Google modified the program again. For 2021 they cut the time for every project in half, to accommodate for the at-home work during the Covid-19 pandemic. This turned out to be suboptimal, and many larger projects need more time. This year students can choose between “medium” (175 hours) and “large” (350 hours) projects. This gives everyone a chance to scope the project accordingly.

 

 

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My PostgreSQL database is empty!

The one thing I like to do is challenge PostgreSQL - and readers - to the extreme. A while ago I posted about the Beer o'clock. Building Zoé was another interesting example. And at some point I blog about Dancing with the Stars as well. Today it's all about nothing. Empty. Where is all the data gone?

A while ago I posted this screenshot on Twitter, and as far as I can tell no one found the correct answer.

The screenshot looks like there's nothing. Empty names, schema name, role name, database name, even no data. And yet this all comes together and somehow works. Let's dig in.

 

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Hugo: Count entries in Taxonomy

For the "PostgreSQL Person of the Week" interviews I'm using Hugo as static blogging engine. Part of every interview is the list of tags, which links this interview to other similar interviews. However until recently no one really knew if a tag is popular or just used in this interview. I wanted to change this, and add the tag count behind every tag.

The way I use Hugo I have the previews also online, and I don't want to count any interviews which are not published (still drafted) when counting entries for a tag.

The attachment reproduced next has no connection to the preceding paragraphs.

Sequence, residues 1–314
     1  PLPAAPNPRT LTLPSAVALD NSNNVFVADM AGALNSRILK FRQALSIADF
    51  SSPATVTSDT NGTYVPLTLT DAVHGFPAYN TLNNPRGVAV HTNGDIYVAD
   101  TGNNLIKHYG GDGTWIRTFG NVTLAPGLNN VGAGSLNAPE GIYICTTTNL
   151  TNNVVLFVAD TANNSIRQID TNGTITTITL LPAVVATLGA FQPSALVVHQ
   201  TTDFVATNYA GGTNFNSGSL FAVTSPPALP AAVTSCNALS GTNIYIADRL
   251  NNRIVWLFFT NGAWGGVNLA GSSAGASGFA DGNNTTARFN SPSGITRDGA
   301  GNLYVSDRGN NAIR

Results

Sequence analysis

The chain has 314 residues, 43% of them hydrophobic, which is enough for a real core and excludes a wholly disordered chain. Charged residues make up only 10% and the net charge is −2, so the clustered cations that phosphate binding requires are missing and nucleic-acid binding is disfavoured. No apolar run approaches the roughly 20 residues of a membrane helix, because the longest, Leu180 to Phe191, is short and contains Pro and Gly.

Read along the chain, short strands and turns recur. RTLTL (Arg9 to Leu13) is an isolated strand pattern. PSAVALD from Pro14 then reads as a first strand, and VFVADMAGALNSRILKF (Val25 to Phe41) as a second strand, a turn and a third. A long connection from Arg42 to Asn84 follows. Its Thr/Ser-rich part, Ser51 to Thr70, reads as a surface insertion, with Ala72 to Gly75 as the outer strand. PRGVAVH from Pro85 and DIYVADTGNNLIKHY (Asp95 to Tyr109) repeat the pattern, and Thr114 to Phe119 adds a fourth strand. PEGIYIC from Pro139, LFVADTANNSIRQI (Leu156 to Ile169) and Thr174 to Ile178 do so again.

Tags in Hugo are taxonomies, which is a user-defined grouping of content.

 

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Google Sheets: Format cell background based on a value in a cell in another sheet

My problem: sometimes I forget to review published interviews for a talk.

I publish a weekly interview series, the "PostgreSQL Person of the Week" interviews. The data lives in a big spreadsheet, which has several sub-sheets.

The first one, the main sheet, is holding the overall status of all interviews, and has one column which indicates if the interview is complete.

Another sheet, the fifth one, holds the statistics data for my talk about what I learned interviewing the community.

The first column in the fifth sheet is copying the name from the first sheet. The second column indicates if I already looked over the interview and gathered all the statistics. And this is where today's problem came up: whenever I finished an interview (over 100 of them already) I marked this second column with a question mark ("?") to let myself know that at some point I need to read the interview again. But of course I don't always remember to do that.

My idea was to color the background of this cell, based on the value in the first sheet: make the cell background green when the interview is completed. This gives me an instant indication if I need to work on this interview or not.

Turns out this is a bit complicated, but possible.